Dusit Maha Prasat Palace (23)



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In the early Rattanakosin era, the Dusit Maha Prasat Palace was an audience hall, where affairs of the state were conducted and royal ceremonies performed. The palace was built by King Rama I in 1806 A.D. The structure is a cruciform building with large high roofs. In the beginning, the palace was intended to be as large as the Suriyat Amarin Palace of Ayutthaya.

The Dusit Maha Prasat Palace in the Grand Palace is now the only remaining example of the traditional Thai palace. Unfortunately, renovated in the reign of King Rama III, the building left no trace of the original workmanship initiated in the first reign.

The Grand Palace at The Ancient City, however, is not intended to model after the same palace as it stands today. By painstaking research and study of old photos and contemporary documents, The Ancient City has succeeded in recreating the original appearance of the palace.

As for the structural form, the Dusit Maha Prasat Palace at Muang Boran has a number of significant changes from the present-day appearance of the hall. For example, a freestanding pillar which was removed from the original palace during the reign to King Rama VI were reconstructed in the middle of the throne room. The post helps to support the large and high roof of the building. The design and color scheme of the pillars are taken' from the pedestal of the Reclining Buddha at Wat Phra Chetuphon Wimonmangkararam (or Wat Pho) in Bangkok. The style and ornamentation of the ceiling are taken from the design on wood carvings in private collections. The elaborately ornamented porch facades conform with old pictures of the ancient Thai 'prasat' building.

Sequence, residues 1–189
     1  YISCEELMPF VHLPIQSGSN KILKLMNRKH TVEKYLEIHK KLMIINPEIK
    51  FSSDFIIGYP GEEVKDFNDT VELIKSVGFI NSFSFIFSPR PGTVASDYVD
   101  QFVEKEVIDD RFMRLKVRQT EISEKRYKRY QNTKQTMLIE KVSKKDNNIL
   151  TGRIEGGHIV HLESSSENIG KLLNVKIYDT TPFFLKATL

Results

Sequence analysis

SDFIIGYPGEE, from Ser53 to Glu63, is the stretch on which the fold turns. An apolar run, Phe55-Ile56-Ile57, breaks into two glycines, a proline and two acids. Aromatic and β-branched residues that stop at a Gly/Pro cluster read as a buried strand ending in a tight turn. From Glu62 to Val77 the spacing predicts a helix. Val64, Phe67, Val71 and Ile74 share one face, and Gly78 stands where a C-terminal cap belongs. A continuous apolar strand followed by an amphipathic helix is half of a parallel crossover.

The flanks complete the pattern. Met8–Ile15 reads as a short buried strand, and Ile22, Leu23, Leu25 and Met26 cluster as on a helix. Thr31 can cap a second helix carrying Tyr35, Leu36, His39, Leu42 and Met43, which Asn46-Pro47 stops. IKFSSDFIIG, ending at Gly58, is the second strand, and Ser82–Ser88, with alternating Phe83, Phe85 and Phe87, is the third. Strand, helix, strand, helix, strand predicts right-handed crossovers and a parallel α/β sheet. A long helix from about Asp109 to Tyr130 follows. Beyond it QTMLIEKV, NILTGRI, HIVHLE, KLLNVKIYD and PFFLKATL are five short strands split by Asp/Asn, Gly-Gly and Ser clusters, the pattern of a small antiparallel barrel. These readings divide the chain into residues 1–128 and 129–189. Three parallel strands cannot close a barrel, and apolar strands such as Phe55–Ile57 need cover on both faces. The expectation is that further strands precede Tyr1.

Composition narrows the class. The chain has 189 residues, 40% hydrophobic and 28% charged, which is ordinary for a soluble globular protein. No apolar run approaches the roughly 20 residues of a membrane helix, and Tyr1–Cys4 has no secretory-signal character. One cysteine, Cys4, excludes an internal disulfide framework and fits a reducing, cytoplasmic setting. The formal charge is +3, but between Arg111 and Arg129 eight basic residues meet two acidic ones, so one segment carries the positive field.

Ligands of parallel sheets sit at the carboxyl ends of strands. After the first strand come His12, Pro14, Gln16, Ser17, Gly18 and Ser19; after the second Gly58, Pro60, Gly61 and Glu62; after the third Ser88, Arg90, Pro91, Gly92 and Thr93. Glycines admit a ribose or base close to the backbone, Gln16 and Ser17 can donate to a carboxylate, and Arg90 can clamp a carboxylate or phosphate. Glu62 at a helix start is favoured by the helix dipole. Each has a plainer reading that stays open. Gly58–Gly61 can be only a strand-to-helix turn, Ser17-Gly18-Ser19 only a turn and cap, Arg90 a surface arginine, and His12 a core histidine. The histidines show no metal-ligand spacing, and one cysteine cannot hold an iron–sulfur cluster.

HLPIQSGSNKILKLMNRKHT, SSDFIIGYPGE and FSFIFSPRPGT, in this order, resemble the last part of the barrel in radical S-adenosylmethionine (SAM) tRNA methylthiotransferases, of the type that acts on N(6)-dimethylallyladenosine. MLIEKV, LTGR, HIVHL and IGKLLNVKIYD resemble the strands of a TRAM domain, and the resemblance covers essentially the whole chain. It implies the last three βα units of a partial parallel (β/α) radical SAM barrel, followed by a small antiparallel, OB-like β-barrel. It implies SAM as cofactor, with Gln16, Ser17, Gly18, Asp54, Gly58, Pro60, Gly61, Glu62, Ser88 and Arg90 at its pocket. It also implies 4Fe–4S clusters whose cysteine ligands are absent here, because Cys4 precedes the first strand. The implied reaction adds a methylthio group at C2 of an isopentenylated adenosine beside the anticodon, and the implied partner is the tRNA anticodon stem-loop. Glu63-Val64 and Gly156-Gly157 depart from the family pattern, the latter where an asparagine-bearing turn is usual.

The gilded lacquer work between the windows is styl after the paintings at Wat Nang Nong in Thon Buri, Bangkok. They show the yearly succession of state ceremonies which were recorded by King Rama V. More precisely, the murals depict events of a governmental, religious, military and diplomatic nature and the traditional Thai way of life, Muang Boran has established these tempera murals to foster a revival of the techniques and styles used in traditional Thai mural paintings which have steadily been dying out since the King Rama III.